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    Learner Lessons - The Practical Test

    The Practical Driving Test is designed to show that you can demonstrate through your driving that you know The Highway Code and can drive safely in different road and traffic conditions. The test consists of three parts, which are the Eyesight Check, Vehicle Safety Questions and the Driving Ability. On December 4th 2017 the practical test changed to include following directions from a sat nav and testing different manoeuvres.

    At the start of the Practical Driving Test, your examiner will ask you to read the number plate on a parked vehicle. You must satisfy the examiner that in good daylight you can read a vehicle number plate at a minimum distance of 20 metres (or 20.5m for old style plates). If you need glasses or contact lenses to read the number plate, that’s fine, however you must wear them whenever you drive. If you fail the eyesight check, your test will not continue.

    Why the changes are being made


    Road collisions are the biggest killer of young people. They account for over a quarter of all deaths of those aged between 15 and 19. DVSA wants to make sure that training and the driving test reduce the number of young people being killed in collisions.

    These changes are being made because:

    • most fatal collisions happen on high-speed roads (not including motorways) - changing the format of the test will allow more of these types of roads to be included in driving test routes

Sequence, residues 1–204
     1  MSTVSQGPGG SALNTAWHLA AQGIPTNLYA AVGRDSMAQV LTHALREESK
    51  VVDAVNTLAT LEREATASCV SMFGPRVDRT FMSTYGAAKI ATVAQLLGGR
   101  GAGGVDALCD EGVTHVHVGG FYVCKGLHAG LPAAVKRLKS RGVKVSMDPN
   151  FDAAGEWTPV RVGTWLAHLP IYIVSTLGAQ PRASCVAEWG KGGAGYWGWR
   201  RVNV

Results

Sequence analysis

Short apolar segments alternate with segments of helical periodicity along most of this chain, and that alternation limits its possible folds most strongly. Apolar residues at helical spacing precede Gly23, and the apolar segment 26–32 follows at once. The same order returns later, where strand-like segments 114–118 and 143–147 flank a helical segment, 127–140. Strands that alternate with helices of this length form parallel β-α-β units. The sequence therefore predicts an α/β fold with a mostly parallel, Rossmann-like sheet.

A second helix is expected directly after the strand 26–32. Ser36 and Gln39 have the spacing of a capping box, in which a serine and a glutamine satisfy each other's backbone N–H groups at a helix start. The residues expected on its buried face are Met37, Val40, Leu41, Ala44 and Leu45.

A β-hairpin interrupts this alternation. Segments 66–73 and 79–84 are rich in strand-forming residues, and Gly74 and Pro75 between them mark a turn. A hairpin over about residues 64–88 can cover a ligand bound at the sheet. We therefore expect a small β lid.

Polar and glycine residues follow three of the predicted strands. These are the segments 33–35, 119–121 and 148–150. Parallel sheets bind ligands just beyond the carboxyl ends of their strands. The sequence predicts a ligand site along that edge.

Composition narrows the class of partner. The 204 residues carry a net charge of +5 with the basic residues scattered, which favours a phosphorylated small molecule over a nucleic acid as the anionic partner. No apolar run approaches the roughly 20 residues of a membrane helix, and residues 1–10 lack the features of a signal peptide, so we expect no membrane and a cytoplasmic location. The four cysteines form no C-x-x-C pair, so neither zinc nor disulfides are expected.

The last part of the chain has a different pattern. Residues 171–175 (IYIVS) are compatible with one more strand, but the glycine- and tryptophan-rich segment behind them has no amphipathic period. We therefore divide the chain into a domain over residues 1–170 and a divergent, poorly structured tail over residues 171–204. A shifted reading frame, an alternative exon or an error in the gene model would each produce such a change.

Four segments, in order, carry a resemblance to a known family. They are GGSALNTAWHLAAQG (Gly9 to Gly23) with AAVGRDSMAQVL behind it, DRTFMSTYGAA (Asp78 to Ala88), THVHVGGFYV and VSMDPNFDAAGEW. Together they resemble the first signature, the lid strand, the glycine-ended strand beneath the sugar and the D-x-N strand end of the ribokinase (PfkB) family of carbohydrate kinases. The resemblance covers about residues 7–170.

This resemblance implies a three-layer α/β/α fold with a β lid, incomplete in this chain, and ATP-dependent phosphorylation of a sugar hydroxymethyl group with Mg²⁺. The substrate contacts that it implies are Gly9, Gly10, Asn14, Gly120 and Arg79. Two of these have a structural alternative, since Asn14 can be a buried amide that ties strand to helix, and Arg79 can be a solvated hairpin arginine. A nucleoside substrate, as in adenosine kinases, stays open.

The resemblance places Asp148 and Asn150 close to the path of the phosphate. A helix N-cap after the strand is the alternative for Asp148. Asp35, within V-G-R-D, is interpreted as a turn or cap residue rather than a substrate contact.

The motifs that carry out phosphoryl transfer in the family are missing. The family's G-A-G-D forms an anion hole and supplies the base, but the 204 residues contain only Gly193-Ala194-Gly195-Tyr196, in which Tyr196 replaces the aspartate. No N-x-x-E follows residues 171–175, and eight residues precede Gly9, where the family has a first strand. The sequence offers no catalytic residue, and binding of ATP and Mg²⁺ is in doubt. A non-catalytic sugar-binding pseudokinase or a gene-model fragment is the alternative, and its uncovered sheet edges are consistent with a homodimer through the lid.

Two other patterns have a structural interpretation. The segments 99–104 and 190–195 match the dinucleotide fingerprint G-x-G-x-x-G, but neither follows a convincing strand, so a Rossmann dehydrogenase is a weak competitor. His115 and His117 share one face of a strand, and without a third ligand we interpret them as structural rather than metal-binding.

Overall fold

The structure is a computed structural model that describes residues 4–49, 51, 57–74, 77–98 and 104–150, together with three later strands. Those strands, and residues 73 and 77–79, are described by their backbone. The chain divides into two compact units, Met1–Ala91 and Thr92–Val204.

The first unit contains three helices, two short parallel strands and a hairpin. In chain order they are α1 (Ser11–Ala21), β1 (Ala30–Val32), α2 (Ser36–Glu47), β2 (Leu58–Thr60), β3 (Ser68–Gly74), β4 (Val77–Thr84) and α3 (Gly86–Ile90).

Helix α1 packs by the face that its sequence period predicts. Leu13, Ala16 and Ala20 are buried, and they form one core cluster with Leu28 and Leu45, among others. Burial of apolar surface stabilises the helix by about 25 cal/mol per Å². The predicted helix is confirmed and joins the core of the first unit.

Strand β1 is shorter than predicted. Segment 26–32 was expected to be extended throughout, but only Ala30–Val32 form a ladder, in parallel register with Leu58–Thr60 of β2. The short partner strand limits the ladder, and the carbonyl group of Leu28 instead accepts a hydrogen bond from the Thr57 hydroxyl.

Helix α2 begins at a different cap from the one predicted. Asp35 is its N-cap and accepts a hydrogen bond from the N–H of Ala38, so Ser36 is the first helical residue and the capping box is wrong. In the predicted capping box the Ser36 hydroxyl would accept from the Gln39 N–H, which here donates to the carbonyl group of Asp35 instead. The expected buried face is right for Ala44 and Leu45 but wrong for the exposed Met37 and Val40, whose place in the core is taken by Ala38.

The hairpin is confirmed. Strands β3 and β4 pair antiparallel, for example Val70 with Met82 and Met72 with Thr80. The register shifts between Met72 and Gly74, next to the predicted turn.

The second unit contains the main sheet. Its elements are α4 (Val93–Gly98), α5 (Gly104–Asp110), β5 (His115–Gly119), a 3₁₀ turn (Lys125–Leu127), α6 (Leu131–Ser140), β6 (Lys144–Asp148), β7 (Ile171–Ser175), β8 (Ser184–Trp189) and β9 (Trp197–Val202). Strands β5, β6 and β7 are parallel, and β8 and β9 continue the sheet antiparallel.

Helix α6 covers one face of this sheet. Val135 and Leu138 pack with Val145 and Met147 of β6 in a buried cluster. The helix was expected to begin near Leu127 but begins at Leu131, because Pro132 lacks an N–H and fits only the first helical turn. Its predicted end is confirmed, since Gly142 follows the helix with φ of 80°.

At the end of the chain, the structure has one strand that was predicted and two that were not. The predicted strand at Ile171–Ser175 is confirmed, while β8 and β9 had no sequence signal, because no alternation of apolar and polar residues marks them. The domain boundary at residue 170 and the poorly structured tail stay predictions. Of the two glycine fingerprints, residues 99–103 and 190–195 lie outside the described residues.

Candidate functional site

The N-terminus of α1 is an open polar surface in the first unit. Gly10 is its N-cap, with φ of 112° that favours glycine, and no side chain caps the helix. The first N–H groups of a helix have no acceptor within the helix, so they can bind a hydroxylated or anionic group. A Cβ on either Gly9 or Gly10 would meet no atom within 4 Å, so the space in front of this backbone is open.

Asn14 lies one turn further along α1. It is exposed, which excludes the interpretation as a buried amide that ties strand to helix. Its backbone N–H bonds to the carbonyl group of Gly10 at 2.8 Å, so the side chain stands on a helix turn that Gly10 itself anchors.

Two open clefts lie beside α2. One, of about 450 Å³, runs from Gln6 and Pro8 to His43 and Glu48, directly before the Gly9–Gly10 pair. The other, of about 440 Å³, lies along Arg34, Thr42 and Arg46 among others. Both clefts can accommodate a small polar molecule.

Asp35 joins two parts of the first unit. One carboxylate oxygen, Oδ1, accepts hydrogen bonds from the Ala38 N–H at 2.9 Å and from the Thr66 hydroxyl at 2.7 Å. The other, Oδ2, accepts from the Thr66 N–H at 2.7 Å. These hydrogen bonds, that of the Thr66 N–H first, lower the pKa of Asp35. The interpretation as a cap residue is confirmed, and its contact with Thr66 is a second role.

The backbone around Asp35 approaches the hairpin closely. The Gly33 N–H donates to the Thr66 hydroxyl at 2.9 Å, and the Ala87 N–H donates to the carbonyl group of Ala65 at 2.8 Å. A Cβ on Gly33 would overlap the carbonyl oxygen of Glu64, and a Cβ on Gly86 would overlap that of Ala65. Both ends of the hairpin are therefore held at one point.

• 52% of car drivers now have a sat nav - DVSA wants new drivers to be trained to use them safely
    • research has shown that new drivers find independent driving training valuable - they can relate it to driving once they’ve passed their test

    The 4 driving test changes


    1. Independent driving part of the test will increase to 20 minutes

    The independent driving part of the test currently lasts around 10 minutes. During this part of the test, you have to drive without turn-by-turn directions from the driving examiner. This part of the test will be made longer, so it’ll last around 20 minutes - roughly half of the test.


    2. Following directions from a sat nav

    During the independent driving part of the test, most candidates will be asked to follow directions from a sat nav. The examiner will provide the sat nav (a TomTom Start 52) and set it up. You won’t need to set the route - the examiner will do this for you. So, it doesn’t matter what make or model of sat nav you practise with.

    You can’t follow directions from your own sat nav during the test - you have to use the one supplied by the examiner. You’ll be able to ask the examiner for confirmation of where you’re going if you’re not sure. It won’t matter if you go the wrong way unless you make a fault while doing it. One in 5 driving tests won’t use a sat nav. You’ll need to follow traffic signs instead.

    3. Reversing manoeuvres will be changed

    The ‘reverse around a corner’ and ‘turn-in-the-road’ manoeuvres will no longer be tested, but you should still be taught them by your instructor

    You’ll be asked to do one of 3 possible reversing manoeuvres:

    • parallel park at the side of the road
    • park in a bay - either driving in and reversing out, or reversing in and driving out (the examiner will tell you which you have to do)
    • pull up on the right-hand side of the road, reverse for 2 car lengths and rejoin the traffic

    4. Answering a vehicle safety question while you’re driving